keyhole garden
If you’ve grown vegetables in raised beds you know they are amazing, often getting four times the yield of a traditional garden. But chances are, your design still isn’t as efficient as it could be. The solution? A keyhole garden. Keyhole gardens are round beds about 6 feet across, with waist-high walls. They get their name from their distinctive shape: a round column in the middle and a “slot” removed from one side, making them look from above like an old-fashioned keyhole. Said to have originated in Africa, where communities with very poor soil and a long dry season were looking for a way to grow fresh veggies as economically as possible, the shape is incredibly efficient, offers high yields, and can be built cheaply.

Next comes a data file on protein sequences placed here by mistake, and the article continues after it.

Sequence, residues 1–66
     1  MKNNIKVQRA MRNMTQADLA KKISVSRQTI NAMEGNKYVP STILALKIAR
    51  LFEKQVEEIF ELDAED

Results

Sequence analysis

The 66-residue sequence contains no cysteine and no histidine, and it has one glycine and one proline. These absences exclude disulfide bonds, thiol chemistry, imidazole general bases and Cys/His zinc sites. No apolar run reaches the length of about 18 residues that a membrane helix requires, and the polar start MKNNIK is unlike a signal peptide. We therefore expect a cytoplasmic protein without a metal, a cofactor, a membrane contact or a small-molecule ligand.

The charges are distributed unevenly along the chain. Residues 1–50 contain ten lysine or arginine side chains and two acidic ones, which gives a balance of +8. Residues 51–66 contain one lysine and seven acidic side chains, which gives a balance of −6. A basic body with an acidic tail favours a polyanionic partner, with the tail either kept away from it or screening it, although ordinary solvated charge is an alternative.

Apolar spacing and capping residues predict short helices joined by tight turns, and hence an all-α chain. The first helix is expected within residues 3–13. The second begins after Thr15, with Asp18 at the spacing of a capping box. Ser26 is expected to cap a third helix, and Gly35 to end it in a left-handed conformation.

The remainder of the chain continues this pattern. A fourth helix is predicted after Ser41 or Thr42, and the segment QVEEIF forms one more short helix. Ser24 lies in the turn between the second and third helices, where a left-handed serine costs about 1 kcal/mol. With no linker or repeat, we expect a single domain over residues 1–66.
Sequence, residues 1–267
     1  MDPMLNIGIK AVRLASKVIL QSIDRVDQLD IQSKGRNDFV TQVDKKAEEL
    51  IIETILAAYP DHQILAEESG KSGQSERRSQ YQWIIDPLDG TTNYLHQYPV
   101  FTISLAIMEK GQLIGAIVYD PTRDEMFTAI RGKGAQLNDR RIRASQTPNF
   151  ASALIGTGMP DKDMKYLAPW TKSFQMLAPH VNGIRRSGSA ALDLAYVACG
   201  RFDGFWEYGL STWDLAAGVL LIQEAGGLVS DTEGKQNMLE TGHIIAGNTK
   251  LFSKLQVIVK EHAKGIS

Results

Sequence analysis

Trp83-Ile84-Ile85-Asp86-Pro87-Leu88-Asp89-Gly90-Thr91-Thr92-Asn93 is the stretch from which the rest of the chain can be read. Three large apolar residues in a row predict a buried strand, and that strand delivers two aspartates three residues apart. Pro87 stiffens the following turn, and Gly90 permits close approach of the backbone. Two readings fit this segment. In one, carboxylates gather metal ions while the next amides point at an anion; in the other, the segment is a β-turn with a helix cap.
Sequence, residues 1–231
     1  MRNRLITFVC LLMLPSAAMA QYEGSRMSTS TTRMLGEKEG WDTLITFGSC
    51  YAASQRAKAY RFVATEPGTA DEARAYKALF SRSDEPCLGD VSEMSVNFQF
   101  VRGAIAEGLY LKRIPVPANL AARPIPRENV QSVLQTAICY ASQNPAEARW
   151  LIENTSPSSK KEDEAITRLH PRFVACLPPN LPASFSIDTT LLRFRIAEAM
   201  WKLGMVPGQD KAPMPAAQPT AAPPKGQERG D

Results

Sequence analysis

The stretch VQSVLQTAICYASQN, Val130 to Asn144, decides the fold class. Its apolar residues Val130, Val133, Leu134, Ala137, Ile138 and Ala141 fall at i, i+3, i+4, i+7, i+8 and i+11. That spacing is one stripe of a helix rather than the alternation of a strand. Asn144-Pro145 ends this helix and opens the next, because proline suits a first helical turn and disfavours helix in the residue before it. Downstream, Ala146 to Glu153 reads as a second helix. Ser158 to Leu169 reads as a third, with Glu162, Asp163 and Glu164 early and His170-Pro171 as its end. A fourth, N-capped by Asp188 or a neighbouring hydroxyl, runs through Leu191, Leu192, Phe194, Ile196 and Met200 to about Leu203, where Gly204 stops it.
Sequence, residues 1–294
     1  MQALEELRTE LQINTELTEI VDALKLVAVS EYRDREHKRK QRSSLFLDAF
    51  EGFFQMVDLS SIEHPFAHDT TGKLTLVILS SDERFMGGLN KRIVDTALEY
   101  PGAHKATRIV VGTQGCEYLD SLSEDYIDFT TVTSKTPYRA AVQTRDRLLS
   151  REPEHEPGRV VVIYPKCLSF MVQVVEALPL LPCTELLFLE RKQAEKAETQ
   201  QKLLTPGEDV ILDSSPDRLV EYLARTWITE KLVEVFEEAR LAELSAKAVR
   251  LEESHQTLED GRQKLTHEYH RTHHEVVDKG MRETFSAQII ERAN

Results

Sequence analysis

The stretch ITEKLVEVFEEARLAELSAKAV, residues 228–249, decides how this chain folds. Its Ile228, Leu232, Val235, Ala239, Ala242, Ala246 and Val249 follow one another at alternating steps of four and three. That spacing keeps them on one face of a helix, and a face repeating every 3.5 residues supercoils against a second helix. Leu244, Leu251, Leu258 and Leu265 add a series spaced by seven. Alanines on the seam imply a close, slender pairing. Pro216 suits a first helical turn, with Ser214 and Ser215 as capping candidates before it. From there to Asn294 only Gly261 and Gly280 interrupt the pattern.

The round walls are stronger than traditional forms. And by eliminating corners, which often dry out faster, you maximize growing space. The central core (reach via the “slot”) holds kitchen scraps and filters gray water, removing the need for a separate compost bin. The combination of shape and central core also means that the wet compost keeps the soil moist, and the water radiates out to the plants, so your garden can stay lush during dry spells. Yet, since it is a raised bed, it also won’t get waterlogged in heavy rains.